No need to reinvent the wheel
When I was a wee lad, I didn’t play a lot of racing games. This is, of course, with the exception of classics such as the Lotus series, Out Run, the Test Drive series, Ironman Super Offroad and Micro Machines. Casual racers like me like casual games and Table Top Racing therefore invites me to take a spin in a pint-sized piece of tin.
This breezy racer borrows heavily from Micro Machines, which it does with grace. The eight tracks are colourful and littered with kitchen supplies, toys and deliciously looking food. There’s a Teppanyaki griddle, a sunlit BBQ picnic table and a mechanical workshop to drive through, to name a few. Table Top Racing offers tons of racing fun, divided over championships, special events and quick races. On top of that, you can race against friends (or enemies) online or over a local network.
Races are diverse and challenging, as some tracks include power-ups (9 in total), like rockets, speed-ups and bombs. Other challenges have you chase another car, with the sole purpose of smashing into it before time runs out. There is a lot of variety in tracks and game modes, especially within the 4 championships. A balanced level of difficulty pushes the player towards creative driving, making good use of both the surroundings as well as the power-ups. The other game modes (special events & quick race) can be used to level up and earn coins for car upgrades. There’s something for everyone in these events, that range from Rookie to Expert in difficulty.
Besides upgrading speed, grip, acceleration and the like, you’ll use your coins to pimp cars with special wheels or a new paint job. Completing tournaments unlocks more cars, although 4 out of the 10 available rides can be bought instantaneously if you can cough up the dough.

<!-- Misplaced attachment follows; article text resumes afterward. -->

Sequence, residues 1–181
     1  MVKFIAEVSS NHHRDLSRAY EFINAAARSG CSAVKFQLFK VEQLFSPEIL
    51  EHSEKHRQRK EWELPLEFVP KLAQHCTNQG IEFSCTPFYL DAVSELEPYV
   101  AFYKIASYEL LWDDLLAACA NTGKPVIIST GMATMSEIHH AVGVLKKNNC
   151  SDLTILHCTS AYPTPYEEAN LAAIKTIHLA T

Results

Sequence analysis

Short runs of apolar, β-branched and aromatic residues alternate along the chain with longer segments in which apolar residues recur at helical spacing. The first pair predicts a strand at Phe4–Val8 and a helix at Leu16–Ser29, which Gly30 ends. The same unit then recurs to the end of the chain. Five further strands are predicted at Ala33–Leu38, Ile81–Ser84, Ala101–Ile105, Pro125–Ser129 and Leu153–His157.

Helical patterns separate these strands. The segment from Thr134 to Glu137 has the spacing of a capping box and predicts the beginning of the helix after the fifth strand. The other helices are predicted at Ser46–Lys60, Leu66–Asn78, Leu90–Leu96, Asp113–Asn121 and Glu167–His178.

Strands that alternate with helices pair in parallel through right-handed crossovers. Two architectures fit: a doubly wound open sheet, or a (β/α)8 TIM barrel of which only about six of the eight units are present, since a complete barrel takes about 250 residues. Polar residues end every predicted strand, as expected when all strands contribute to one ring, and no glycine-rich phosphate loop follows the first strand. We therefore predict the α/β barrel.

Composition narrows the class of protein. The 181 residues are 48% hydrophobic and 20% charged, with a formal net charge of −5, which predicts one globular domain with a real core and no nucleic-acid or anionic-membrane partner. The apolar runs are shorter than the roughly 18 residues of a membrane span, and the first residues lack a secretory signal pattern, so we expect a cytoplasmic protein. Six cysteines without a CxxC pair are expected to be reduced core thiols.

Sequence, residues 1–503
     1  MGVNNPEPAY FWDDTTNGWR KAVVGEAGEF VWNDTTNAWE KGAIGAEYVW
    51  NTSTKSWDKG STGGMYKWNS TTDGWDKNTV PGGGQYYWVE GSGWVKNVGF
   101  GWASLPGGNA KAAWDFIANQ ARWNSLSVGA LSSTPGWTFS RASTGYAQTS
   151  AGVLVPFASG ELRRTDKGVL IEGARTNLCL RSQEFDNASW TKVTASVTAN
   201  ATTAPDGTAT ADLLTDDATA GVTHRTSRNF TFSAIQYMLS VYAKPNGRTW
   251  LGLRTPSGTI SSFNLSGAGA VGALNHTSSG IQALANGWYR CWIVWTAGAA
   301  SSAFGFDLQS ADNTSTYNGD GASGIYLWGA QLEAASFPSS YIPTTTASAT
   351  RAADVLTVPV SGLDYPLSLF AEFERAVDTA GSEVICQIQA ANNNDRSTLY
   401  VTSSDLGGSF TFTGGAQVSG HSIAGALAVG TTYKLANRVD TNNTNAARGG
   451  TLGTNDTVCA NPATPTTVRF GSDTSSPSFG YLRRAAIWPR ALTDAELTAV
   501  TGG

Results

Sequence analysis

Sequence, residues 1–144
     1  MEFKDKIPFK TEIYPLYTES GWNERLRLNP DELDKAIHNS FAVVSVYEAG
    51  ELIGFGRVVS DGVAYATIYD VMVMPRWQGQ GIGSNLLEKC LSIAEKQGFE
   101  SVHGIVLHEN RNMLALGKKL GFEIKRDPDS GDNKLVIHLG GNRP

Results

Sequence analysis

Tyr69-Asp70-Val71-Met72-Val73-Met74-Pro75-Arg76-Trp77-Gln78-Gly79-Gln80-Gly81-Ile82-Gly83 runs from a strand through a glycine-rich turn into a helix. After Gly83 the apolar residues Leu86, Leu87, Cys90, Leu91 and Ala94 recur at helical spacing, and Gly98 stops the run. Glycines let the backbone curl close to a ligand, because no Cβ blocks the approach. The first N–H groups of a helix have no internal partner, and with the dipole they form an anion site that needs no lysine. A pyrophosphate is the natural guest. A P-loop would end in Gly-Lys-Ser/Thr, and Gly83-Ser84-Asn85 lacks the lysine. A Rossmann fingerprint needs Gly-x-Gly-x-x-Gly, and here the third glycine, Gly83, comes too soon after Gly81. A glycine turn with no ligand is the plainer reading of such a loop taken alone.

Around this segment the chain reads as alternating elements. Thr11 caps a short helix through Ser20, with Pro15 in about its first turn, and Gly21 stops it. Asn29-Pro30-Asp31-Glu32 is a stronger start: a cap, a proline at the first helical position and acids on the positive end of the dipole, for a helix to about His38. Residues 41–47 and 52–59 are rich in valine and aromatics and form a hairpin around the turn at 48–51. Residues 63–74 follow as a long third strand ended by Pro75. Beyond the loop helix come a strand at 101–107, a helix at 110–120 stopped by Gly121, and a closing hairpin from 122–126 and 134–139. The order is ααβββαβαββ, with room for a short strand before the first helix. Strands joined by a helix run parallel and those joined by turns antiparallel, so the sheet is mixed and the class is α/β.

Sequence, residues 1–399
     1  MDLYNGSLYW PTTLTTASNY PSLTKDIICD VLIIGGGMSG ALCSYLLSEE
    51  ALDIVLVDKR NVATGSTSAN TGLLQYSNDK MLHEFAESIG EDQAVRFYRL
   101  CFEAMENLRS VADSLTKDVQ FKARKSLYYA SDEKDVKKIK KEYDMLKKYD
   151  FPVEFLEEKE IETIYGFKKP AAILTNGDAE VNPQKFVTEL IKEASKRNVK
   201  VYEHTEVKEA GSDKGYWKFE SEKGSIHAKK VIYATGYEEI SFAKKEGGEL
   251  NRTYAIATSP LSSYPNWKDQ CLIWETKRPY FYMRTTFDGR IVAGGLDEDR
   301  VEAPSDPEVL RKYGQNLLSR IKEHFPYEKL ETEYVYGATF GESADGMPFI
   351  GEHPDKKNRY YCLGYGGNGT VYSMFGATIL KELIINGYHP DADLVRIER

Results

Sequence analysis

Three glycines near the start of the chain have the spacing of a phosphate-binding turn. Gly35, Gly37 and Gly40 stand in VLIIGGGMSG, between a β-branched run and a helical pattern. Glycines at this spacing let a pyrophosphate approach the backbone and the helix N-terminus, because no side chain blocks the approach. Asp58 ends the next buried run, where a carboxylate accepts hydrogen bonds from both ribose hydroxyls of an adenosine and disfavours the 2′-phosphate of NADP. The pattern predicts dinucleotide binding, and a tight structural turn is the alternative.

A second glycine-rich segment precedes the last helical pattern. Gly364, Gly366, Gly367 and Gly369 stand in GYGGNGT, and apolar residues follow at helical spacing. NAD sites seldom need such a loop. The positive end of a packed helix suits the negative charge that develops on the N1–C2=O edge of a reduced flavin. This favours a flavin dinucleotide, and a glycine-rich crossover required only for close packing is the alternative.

Table Top Racing looks absolutely gorgeous. The tracks are bright and detailed, albeit seasoned with a filter that may scare adversaries of Peter Jackson’s Hobbit-franchise in 48 fps. Sometimes the shiny filter sets a soap opera effect in motion, but that may just have been me, dramatically demanding revenge after a race. Luckily, the Vendetta RS, a little red wonder on wheels, got me through the last championship with verve. In addition, the more advanced challenges brought back that special feeling of driving in tiny toy machines.
Despite a slow start (in a rather bulky ice cream van), Table Top Racing gradually picks up the pace and offers a huge amount of content. The extensive level system and well-balanced game modes bring about an enjoyable driving experience across beautifully crafted table tops. Once you’ve concluded the main event, there’s ample fun to be had in multiplayer battles, where I suggest you invite the meat lovers in your contact list. Table Top Racer presents some of the juiciest steaks I have ever seen in video games, a finger lickin’ good distraction. Bad table manners are advised.